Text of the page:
Philip Grant considers the relevance of the emperor Ashoka to our own age of global discontent. To Uphold the World: A Call for a New Global Ethic from Ancient India by Bruce Rich. Beacon Press, 2010. ISBN: 9780807006139
To Uphold the World is much more than a scholarly re-examination of a legendary leader who extended his empire’s influence from Egypt to China. It is also a persuasive call for our own generation to challenge the central assumptions behind economic globalisation and replace them with policies grounded in an ethics of reverence and transcendence. If we attempt to do this much-needed work, the Dalai Lama writes in an afterword to this book, “To Uphold the World should serve as a source of great inspiration.”
Bruce Rich was moved to write his study of Ashoka after visiting the famous battlefield of Dhauli in Orissa, India, where hundreds of thousands perished during the annexation of the republic of Kalinga in 261 BCE. A well-known environmental lawyer and the author of Mortgaging the Earth, an insightful study of the World Bank, he was stunned to learn that after the slaughter at Dhauli, Ashoka renounced the primacy of force and wealth as the currency of empire in order to embrace policies based on veneration, compassion and nonviolence.
Rich suggests that re-examining the thinking behind Ashoka’s change of heart might allow our own generation to similarly reverse course. He believes this is necessary because champions of globalisation commit terrible violence by assuming that questions of global policy can be answered through first calculating their consequences and then following the ethic that the end justifies the means. This leads policymakers to tackle global problems with complicated institutional mechanisms powered by greed and fear, like the WTO and NATO.
Ashoka’s immense, multicultural empire was originally constructed upon a similar set of assumptions. The chief architect of the state Ashoka inherited had written a comprehensive manual of government in which he declared: “material wellbeing alone is supreme … for spiritual good and sensual pleasures depend upon material wellbeing”. As in today’s world, public policy was conducted through a combination of self-interest and coercion.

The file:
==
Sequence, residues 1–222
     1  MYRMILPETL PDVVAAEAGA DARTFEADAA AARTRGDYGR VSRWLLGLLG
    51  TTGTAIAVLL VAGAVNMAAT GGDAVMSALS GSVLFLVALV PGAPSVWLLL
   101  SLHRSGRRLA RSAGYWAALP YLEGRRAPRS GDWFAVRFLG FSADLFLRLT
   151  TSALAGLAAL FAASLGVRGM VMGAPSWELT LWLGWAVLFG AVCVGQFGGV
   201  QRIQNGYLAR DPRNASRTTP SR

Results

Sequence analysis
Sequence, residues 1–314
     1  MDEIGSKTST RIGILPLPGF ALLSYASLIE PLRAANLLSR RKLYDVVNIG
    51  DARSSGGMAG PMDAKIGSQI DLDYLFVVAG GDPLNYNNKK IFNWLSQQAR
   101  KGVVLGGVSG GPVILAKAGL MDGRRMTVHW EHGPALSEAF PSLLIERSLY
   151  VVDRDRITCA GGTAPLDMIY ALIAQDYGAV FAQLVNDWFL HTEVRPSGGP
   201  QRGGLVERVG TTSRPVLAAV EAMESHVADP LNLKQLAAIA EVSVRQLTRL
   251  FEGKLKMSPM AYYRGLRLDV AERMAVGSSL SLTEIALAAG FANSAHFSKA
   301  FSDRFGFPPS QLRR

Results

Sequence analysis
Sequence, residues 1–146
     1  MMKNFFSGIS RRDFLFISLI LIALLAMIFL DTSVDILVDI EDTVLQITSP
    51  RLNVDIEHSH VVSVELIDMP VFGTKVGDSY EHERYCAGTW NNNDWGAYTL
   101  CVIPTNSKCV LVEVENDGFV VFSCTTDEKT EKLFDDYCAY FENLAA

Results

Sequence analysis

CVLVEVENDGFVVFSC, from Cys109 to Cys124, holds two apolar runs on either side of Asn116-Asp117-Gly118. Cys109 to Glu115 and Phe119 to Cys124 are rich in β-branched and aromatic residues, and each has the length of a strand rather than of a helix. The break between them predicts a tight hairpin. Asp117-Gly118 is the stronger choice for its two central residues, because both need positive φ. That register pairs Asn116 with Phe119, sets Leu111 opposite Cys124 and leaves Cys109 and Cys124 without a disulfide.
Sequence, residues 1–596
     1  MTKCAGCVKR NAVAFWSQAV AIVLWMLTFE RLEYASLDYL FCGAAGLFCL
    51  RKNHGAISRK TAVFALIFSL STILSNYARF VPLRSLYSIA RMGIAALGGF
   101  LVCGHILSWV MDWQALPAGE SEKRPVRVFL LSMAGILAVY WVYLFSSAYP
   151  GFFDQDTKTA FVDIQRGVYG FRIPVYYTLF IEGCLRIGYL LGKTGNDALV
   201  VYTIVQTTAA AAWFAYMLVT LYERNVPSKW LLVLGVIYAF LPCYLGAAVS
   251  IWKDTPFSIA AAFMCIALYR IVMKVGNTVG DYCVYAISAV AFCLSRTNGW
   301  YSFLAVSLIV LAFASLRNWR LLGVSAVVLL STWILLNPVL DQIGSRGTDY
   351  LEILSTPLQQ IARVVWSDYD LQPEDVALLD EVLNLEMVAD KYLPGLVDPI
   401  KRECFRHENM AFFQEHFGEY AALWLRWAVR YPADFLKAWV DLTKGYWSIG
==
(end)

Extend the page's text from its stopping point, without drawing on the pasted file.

After the Kalinga War, Ashoka “attempted to transcend [this] view … through a new social ethic and politics of nonviolence and reverence for life”. In doing so he completely refashioned the traditional model upon which Indian kingship was based. Ashoka proclaimed performance of moral duty rooted in compassion as the primary value to be attempted by each member of his realm. Since people are deeply connected with each other and with every form of life, their social ethics must encourage them to create communities that “expand simply as an environment in which we may all engage in a common quest for the general good”.
Ashoka’s conviction that a spiritual centre lies at the heart of all human beings led him to endorse the search for truth, not systems of institutions, as the key to creating his secular version of an ideal Buddhist community. His essential doctrine was inscribed on pillars and symbolised through stupas raised throughout his long domain.
Ashoka’s doctrine taught welfare over warfare, redemption over punishment, universal healthcare for humans and animals alike, an environmental policy reflecting what we now call the principles of deep ecology, and a foreign policy based on nonviolence. His belief that truth is the only sure foundation for these goals also committed him to absolute freedom of conscience, “toleration for all religious and philosophical sects”.
Rich quotes Octavio Paz, a former Mexican ambassador to India, who was inspired by Ashoka to call for a recommitment to reverence for life as the keystone of our emerging global society: “We venerate the world around us and that veneration spreads to all things and living beings, to stones and trees and animals and humans … The ecological movement … insofar as it is a call to different social values, expresses our yearnings to participate.”
Rich concludes his homage to Ashoka by quoting the great Indian poet Tagore: “When the twentieth century was still young, Ashoka’s thought had been standing on the wayside for all these ages longing to find a refuge in the mind of every human being.” This moment may now be arriving.